New Jersey’s budget mess is so bad a judge last week ruled it a “disaster.”
It could be even worse in the new fiscal year that began Tuesday. At stake is a financial future of New Jersey, struggling under the weight of a $51 billion shortfall in the state retirement system.
Gov. Chris Christie on Monday night signed the $32.5 billion budget. As expected, the Republican governor used his line-item veto power to strike down a tax increase for millionaires plus a 15-percent surcharge on corporate taxes.
“The Legislature appears to be intent on inhibiting economic growth with crushing taxes,” said Christie in his veto statement.
The proposed levies, pushed by Democratic lawmakers, could have enabled New Jersey to make a statutorily required $2.25 billion contribution to state pension funds. Instead, Christie cut the payment down to $681 million to balance the budget, as required by the state constitution.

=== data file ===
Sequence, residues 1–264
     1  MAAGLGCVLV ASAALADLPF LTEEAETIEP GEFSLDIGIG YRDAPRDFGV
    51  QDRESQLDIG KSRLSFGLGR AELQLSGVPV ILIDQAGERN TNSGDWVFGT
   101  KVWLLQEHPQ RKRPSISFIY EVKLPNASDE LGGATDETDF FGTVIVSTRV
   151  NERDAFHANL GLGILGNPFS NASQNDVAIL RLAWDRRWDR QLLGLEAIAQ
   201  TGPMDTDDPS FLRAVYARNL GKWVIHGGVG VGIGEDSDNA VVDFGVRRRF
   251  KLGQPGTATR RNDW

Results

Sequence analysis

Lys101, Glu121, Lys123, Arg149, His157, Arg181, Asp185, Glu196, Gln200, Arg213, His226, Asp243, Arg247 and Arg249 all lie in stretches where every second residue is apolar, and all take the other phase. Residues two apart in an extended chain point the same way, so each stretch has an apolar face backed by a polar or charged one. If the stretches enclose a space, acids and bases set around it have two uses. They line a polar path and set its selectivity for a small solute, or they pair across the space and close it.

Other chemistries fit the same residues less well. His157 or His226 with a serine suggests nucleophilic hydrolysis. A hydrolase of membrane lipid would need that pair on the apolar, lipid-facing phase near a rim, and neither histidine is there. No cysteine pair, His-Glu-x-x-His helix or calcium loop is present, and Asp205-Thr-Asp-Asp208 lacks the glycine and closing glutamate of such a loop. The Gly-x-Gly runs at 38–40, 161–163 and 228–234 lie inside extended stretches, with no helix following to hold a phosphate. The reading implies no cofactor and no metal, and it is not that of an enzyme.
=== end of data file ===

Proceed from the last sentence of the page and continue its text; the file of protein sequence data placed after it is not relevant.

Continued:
“The governor has decided to continue protecting the state’s wealthiest at the expense of the middle class and working poor,” countered Senate President Steve Sweeney in a statement.
The next episode of “As New Jersey Turns” is likely to occur in Mercer County Superior Court.
Judge Mary C. Jacobson last week declared the last-minute budget crisis was an emergency under the state’s Disaster Control Act, a statute typically reserved for hurricanes and similar acts of God.
In doing so, the judge allowed Christie to chop $887 million from the state’s legally required pension contribution for the expiring fiscal year.